Where Do We Stand with GPS Tracking Bill?

When you are under criminal investigation, it’s best not to start off at a disadvantage. After all, law enforcement has a plethora of tools at their disposal aimed at finding, pinning and incarcerating you. One such tool involves following you as you find your way home. [Read more…]

Domestic Drone Use: Where Does Your State Stand?

A few years ago, if a drone was mentioned in the news, it was referring to a military drone being deployed overseas. And while their impersonal and deadly use globally is certainly a serious issue, drone use has now reached our own shores. Police departments are buying the unmanned aerial vehicles and lawmakers are rushing to pass laws controlling them. So, where does your state stand in regards to drone use? [Read more…]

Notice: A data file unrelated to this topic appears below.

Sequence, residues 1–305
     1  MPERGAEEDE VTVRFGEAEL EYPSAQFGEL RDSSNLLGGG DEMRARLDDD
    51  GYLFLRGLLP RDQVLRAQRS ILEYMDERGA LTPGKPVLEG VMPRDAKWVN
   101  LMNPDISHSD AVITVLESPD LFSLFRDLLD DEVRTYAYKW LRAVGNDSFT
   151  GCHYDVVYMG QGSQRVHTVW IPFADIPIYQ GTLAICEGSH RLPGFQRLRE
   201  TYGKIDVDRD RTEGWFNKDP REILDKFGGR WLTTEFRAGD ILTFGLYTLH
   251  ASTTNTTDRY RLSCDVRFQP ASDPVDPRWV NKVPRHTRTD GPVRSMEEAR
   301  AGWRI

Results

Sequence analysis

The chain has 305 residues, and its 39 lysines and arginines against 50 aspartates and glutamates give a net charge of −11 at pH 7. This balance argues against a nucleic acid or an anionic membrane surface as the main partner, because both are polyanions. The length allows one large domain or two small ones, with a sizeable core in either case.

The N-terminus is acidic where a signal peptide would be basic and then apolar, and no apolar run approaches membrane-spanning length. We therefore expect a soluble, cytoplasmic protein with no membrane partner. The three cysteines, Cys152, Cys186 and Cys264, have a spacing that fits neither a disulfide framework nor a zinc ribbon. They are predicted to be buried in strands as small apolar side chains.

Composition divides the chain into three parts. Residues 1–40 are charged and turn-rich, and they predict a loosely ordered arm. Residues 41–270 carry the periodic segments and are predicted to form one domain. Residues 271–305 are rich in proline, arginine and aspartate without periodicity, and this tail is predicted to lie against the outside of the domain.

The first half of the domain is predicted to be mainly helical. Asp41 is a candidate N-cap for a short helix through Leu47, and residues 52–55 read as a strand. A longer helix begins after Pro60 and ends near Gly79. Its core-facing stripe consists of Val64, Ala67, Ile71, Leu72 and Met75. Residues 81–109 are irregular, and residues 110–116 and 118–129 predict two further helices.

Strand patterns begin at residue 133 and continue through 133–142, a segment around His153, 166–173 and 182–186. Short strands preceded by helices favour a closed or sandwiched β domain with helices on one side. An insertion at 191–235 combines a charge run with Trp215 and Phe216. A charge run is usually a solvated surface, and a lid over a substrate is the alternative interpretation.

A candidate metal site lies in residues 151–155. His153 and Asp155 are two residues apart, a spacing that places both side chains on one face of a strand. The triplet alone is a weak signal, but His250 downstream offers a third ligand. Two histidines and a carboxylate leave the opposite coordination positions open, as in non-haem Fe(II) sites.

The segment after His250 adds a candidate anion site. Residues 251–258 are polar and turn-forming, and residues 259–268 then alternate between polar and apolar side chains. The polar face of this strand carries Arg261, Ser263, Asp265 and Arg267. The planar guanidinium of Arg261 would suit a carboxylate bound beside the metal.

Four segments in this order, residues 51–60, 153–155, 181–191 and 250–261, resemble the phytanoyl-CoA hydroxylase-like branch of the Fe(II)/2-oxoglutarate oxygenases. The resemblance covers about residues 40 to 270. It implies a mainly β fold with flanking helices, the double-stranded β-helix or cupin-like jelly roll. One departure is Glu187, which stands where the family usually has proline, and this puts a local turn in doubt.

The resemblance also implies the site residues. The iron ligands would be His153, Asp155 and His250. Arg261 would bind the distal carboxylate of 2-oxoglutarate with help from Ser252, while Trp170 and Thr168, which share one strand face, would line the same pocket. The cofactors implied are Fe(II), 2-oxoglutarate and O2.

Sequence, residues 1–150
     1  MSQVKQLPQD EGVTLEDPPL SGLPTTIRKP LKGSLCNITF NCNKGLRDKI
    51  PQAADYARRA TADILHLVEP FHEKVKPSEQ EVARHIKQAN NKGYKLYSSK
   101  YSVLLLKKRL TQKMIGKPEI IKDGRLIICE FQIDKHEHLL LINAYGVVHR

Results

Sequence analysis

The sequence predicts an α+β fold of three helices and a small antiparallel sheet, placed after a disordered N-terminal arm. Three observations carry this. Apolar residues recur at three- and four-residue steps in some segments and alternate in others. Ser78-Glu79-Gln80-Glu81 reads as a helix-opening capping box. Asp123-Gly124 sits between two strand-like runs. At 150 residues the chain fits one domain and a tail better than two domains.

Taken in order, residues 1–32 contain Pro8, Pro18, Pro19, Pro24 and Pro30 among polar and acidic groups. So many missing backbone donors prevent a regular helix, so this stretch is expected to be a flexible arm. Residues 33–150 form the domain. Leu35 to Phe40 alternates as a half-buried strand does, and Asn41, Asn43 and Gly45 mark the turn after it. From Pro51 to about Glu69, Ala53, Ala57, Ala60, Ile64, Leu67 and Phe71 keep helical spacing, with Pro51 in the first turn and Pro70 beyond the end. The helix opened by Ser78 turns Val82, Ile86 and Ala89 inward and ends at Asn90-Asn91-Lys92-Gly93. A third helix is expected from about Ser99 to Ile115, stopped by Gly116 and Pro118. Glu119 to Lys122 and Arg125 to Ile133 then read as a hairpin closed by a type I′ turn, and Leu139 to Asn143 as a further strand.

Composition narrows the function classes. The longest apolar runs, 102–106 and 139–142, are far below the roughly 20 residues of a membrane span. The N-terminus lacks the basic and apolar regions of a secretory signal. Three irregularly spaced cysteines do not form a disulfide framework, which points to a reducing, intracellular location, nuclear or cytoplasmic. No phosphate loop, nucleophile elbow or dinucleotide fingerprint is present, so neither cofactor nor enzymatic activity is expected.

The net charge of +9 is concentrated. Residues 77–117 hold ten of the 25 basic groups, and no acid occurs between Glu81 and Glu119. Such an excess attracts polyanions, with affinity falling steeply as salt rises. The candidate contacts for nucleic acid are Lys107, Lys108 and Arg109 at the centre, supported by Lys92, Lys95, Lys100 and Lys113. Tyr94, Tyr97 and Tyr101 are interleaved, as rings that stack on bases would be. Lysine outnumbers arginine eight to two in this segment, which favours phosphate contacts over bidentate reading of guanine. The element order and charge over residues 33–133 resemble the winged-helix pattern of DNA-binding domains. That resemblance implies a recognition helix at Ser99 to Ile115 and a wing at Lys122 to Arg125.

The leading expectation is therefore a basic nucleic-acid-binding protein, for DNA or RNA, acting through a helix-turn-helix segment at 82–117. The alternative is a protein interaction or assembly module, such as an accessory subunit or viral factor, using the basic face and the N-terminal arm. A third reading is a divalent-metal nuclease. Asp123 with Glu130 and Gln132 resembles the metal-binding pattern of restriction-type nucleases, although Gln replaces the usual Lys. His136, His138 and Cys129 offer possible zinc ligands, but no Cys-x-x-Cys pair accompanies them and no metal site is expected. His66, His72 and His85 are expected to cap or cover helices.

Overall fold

Lawmaker Suggests Lashings Instead of Prison

There is a serious incarceration problem in this country. Every day more and more actions become crimes and more and more people face becoming a victim of the prison system. Criminal justice experts have offered a wide range of solutions, those that would both ease spending and mitigate the damage we’ve already done by incarcerating more people than any other nation. And while some of these ideas have been controversial and debate-worthy, none have been so off the mark as the suggestion from Montana’s state representative Jerry O’Neil. [Read more…]

The Law and Filming Cops